Any child prodigies out there?

The hunt for a relay of boy stars for the new musical of Billy Elliot hots up
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The Independent Culture

With just a few weeks to go before Billy Elliot - The Musical opens, casting directors are already looking for their next child star. Some of the future stars of the show have been in training for almost a year, all hoping to capture the heart of the nation, à la Jamie Bell in the award-winning film. However, the current boys will be playing the role for only six months, and, once again, the arduous selection process is taking place across the country.

With just a few weeks to go before Billy Elliot - The Musical opens, casting directors are already looking for their next child star. Some of the future stars of the show have been in training for almost a year, all hoping to capture the heart of the nation, à la Jamie Bell in the award-winning film. However, the current boys will be playing the role for only six months, and, once again, the arduous selection process is taking place across the country.

"We are looking for a child with raw talent, so we are not going down the conventional route," says Jessica Ronane, the children's casting director. "If there's a child in the deepest, darkest beyond who can move, that is the child we want. If there's a dance school with a couple of boys who might be OK, but might not be interested, we'll go there. We have looked at karate clubs, breakdancers, skateboarders, everyone."

The role will, in fact, be played by a trio of Billys in rotation for a six-month slot, with each child colouring the role in his own way. Stephen Daldry and Peter Darling, the director and choreographer of the film, respectively, have been reunited for the project, and have been devising three different programmes to allow each boy to shine. "We always knew that we weren't going to find three boys with the same bag of tricks," admits Ronane.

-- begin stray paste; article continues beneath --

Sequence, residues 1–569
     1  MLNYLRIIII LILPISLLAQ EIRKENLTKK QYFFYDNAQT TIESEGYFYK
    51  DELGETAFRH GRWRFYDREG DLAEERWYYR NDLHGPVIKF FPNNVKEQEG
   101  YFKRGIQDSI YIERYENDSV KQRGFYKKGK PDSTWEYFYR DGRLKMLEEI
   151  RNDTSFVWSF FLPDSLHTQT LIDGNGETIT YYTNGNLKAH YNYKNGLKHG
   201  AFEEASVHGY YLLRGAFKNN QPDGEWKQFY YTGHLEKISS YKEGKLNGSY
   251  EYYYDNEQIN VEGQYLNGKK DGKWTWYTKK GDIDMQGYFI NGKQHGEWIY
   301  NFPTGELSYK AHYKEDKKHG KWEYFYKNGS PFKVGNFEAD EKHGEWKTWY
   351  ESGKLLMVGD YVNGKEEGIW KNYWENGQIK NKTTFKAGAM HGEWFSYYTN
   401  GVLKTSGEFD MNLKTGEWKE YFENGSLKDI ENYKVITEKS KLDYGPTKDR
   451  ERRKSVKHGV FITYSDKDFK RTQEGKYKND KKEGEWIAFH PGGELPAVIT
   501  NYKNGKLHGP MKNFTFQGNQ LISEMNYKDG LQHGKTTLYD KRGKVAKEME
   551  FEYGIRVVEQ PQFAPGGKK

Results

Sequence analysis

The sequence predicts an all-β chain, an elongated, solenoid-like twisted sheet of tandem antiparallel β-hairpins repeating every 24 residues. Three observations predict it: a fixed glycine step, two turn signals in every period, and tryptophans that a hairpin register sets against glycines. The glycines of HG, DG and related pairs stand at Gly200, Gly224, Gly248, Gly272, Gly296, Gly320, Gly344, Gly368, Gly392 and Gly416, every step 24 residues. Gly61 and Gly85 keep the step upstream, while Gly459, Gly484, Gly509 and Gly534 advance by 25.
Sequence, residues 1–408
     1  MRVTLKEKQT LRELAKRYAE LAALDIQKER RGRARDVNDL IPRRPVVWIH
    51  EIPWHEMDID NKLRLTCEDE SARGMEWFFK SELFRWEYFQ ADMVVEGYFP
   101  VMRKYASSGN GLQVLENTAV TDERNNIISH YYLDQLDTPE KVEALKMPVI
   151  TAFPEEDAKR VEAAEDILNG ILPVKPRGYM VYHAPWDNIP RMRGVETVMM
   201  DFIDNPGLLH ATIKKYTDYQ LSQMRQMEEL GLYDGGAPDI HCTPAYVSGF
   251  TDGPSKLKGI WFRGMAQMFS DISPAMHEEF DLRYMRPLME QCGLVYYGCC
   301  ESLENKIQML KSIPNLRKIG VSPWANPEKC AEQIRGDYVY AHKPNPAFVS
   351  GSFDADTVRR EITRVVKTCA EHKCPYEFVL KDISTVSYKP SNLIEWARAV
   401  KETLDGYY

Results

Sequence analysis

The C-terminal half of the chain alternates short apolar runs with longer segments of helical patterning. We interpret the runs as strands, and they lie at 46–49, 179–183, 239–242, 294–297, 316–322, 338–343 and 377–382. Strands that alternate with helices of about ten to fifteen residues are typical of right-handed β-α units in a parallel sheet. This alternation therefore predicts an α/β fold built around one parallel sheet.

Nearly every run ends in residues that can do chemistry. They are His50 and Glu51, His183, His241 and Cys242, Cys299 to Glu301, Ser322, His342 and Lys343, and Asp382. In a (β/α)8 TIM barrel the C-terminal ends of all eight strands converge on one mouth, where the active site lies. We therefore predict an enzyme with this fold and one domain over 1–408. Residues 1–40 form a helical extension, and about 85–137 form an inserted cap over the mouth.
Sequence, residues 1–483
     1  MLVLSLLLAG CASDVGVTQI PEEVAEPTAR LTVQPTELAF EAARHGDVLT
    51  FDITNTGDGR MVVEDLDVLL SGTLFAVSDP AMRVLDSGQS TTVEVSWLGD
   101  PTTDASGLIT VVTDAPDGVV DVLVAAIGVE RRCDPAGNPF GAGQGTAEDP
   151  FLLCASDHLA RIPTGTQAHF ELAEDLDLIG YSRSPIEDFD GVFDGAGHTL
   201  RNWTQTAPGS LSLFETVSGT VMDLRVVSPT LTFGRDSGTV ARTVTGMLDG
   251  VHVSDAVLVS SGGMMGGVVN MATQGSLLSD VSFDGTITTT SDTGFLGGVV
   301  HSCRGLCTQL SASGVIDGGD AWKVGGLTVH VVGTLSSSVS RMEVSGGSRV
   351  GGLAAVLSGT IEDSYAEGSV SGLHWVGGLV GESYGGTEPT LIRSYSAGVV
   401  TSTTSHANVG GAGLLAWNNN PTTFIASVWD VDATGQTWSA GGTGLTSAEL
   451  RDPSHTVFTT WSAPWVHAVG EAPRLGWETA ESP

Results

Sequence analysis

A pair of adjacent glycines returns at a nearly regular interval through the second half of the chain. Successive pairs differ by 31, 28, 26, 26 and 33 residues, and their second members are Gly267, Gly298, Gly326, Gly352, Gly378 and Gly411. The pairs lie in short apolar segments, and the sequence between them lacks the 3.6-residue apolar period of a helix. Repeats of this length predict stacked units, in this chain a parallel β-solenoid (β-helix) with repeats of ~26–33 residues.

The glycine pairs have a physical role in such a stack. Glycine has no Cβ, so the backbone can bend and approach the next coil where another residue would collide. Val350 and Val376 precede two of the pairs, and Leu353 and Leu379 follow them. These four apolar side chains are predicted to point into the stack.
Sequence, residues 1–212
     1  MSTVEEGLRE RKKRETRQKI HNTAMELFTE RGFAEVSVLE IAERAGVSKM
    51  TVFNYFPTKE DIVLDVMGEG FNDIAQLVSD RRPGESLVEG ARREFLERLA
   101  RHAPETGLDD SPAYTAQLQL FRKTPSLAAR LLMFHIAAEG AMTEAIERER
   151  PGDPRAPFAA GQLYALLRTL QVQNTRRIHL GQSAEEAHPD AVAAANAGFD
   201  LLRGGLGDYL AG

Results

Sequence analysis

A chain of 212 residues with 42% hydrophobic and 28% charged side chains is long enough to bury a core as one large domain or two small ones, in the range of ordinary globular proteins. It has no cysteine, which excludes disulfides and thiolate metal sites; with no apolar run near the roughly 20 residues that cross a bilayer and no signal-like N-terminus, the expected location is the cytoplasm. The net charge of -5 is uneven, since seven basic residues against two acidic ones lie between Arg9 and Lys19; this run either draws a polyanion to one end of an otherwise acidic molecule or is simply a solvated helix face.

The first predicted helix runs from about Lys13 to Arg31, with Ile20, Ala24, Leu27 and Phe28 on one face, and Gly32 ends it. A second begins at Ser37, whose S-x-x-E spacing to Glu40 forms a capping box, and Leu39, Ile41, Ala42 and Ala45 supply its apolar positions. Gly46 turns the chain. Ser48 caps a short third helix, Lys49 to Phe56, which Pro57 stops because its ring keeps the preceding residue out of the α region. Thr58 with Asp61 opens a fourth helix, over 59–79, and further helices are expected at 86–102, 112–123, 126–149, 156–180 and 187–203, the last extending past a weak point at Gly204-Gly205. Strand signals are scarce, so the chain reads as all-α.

But the team is not looking for just a prodigal singer and dancer - the child must be equipped with the mental tenacity to deal with one of the most demanding roles. "The biggest challenge for the Billys will be maintaining their endurance and health, night after night. They don't realise how much of a toll it will take on them."

Billy Elliot is, of course, the story of a boy who exchanges his boxing-gloves for ballet shoes, eventually winning the support of his family and a place at the Royal Ballet School. Ronane recognises that family support will also be instrumental in the success of the boys chosen for the musical adaptation. "It is a pressure and a loss for parents and siblings. We need to know that the family can handle that."

This is the first time that Ronane has cast a musical, and she is quickly learning that the job is fraught with difficulty: "During the months before the show, the Billys may grow, their voices may break, they may decide they don't want to do it." However, she has been in the dance business since the age of nine, and knows exactly what she is looking for: "The boys will need to have discipline. They will be living the lovely life, singing at the Royal Variety Show and partying with Elton John [who has written the music for the show]. But they're also being paid to do a job."

The first three boys to play the role are from Yorkshire, Humberside and Essex. But since the cancellation of the premiere in Newcastle, pressure has been mounting to make the next Billy a Geordie. "Our first port of call was Newcastle - but kids like this are gold dust," says Ronane.

'Billy Elliot - The Musical', Victoria Palace Theatre, London SW1 (0870 895 5577), from 24 March

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